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Tag Archives: Civil Liberties

Copyright law threatening

On Dec. 13, 1981, Poland’s communist government declared martial law to put down the Solidarity movement. Telephone lines went silent across the country, and once service was restored, each time anyone picked up the telephone they were greeted with a voice: “Rozmowa Kontrolowana.”

“This conversation is being monitored.”

Since telephone service was still a rare privilege in a country where the political establishment feared citizen-to-citizen communication, some could shrug their shoulders because it did not directly apply to them. When, days later, the government set up regional censorship offices to read everyone’s mail, shrugging one’s shoulders ceased to be an option.

Not quite 30 years have passed, and tales like these remain common, from the Egyptian government’s efforts to register and track users at Internet cafes, to Iranian government agents showing up on Twitter this spring to intimidate protesters.

That dictatorships treat their citizens this way is no surprise. What is surprising is that democracies are beginning to do the same.

It is increasingly apparent that modern copyright law is utterly and completely incompatible with the right to privacy. This is at the core of the Pirate movement in Europe which broke through to elect its first members of the European Parliament this summer, and the Pirate Party of Canada, which is collecting signatures on its website to register as an official political party as we speak.

While the name may sound a little humorous, the cause is very serious indeed. Whether you spend a lot of time online or not, the Pirate movement aims to keep the bounds of your and your children’s relationship with their government in a reasonable place, and to make certain that the balance between citizen rights and the bottom line does not tilt in the wrong direction.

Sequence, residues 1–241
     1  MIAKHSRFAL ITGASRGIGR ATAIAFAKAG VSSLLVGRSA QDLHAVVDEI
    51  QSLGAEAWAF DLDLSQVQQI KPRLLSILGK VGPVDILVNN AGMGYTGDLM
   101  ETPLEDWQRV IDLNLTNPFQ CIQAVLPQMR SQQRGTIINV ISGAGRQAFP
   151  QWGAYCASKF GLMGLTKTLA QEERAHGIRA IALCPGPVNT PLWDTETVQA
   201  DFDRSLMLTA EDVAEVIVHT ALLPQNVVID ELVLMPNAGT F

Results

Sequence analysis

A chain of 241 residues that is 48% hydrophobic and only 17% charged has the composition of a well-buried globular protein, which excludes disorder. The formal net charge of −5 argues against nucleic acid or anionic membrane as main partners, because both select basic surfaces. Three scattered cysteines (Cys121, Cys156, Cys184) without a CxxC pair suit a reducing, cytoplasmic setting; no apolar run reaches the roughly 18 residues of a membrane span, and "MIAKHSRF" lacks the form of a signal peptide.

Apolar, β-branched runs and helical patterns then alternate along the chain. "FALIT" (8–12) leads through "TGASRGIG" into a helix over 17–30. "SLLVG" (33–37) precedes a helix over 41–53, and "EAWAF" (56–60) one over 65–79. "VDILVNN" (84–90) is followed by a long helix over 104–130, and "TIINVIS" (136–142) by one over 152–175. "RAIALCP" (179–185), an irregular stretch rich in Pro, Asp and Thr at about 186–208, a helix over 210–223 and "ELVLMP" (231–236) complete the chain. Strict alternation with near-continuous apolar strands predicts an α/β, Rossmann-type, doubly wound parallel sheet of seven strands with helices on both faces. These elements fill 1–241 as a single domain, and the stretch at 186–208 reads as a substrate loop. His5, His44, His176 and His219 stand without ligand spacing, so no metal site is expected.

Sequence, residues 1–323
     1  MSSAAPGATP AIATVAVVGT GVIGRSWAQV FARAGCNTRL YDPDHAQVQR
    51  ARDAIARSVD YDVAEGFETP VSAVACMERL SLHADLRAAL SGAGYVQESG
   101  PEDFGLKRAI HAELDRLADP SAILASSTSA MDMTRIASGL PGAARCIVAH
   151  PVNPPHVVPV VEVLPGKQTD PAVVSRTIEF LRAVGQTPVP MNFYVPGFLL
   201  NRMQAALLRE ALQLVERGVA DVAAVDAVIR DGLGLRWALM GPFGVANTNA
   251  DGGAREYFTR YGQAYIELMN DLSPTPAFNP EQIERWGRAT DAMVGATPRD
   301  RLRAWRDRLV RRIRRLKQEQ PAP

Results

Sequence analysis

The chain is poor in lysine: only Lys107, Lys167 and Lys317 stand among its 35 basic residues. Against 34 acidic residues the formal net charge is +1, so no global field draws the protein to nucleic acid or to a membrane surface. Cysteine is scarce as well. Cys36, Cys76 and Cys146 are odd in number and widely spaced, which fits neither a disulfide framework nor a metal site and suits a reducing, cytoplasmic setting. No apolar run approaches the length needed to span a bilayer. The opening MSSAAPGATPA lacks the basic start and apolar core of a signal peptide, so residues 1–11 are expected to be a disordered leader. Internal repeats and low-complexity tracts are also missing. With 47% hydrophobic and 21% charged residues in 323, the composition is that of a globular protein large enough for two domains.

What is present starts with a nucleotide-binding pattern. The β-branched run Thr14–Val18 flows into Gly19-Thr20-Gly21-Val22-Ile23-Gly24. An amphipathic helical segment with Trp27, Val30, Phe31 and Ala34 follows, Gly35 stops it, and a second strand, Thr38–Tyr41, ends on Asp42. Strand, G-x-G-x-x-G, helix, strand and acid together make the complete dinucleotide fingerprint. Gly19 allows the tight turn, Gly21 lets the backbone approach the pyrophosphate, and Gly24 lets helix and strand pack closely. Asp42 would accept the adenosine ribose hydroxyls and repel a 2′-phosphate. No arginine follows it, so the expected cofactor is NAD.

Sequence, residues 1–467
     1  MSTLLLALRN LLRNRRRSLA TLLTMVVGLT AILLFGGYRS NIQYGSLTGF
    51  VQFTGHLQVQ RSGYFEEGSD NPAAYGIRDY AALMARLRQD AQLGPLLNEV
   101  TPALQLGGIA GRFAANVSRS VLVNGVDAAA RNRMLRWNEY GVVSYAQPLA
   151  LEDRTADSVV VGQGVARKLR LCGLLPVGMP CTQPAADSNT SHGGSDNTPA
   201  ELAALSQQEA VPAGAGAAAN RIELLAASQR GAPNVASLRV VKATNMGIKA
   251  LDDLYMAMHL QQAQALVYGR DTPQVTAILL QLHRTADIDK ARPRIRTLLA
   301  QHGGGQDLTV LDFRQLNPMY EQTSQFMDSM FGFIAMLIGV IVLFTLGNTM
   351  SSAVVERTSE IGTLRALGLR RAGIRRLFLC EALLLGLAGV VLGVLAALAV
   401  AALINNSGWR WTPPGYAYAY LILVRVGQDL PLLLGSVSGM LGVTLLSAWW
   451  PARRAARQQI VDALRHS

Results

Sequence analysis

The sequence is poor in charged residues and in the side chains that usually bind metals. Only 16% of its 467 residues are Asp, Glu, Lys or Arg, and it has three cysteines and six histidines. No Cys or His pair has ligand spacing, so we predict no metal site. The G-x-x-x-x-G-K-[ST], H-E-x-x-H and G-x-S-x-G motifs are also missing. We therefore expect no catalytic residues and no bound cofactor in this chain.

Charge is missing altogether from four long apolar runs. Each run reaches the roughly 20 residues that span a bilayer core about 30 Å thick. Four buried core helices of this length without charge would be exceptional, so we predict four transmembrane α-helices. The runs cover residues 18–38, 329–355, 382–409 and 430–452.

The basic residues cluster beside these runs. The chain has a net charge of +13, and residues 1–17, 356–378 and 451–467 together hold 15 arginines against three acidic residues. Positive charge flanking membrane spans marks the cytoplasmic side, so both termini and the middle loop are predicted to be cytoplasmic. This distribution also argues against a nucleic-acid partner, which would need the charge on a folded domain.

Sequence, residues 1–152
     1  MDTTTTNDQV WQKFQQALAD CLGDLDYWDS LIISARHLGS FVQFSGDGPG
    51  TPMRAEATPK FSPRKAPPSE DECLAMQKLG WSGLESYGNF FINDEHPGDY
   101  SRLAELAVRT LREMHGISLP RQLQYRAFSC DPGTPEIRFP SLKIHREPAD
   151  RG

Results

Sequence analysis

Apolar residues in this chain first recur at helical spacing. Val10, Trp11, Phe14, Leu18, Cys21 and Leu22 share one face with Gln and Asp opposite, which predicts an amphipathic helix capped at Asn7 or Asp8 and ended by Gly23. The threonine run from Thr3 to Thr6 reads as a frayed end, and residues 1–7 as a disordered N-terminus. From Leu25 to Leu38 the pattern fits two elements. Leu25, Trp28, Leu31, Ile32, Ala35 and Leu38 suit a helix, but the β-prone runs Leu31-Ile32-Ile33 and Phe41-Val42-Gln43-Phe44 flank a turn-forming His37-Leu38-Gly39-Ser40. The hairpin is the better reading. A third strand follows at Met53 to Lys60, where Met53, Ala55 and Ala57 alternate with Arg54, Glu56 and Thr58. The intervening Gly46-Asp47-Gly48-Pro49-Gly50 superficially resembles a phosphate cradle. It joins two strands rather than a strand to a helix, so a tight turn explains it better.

What has changed?

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(Hat tip: 3Quarks Daily =)

Chaos and censorship at Beijing’s inaugural 798 Biennale

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The inaugural Beijing 798 Biennale, held in the sprawling 798 art district in China’s capital, saw a chaotic opening on 15 August, with major works by Chinese artists widely censored by authorities. The biennale was arranged with international contributions operating independently at numerous private galleries in the 798 complex, which were not affected by the censorship and avoided the operational issues that hampered the main exhibition hall.

Billed as the first non-government biennale in China, the event was hampered by a lack of funds, operational support, and some inexperience on the part of the organisers, who were predominantly Chinese art journalists.

In steaming temperatures of around 40ºC, hundreds stood out in the sun to listen to opening speeches by assembled dignitaries. The ceremony was briefly interrupted by a demonstration and water being thrown at the platform. The demonstration, whose purpose seemed obscure, was performed by a group including a deaf mute in ancient Chinese costume, a man wheeling a cart of bedpans and another man wearing a metal mask accompanied by someone dressed as a bride. ()

War protest migrants may face passport penalties

They can’t possibly be serious:

New migrants who demonstrate an “active disregard for UK values”, possibly including protesting at homecoming parades of troops from Afghanistan, could find their applications for a British passport blocked under new citizenship proposals published today.

But migrants who contribute to the “democratic life of the country” by canvassing for political parties could find the application process speeded up so that it takes one year instead of three.

The proposals unveiled by the immigration minister, Phil Woolas, set out a much tougher regime for the 150,000 people who apply for a British passport each year, using a points-based system for “earned citizenship”.

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Chinese government critic calls for one-day internet protest

An outspoken critic of the Chinese government today called on the country’s hundreds of millions of “netizens” to stage a one-day protest against the Communist party’s tight controls on freedom of expression.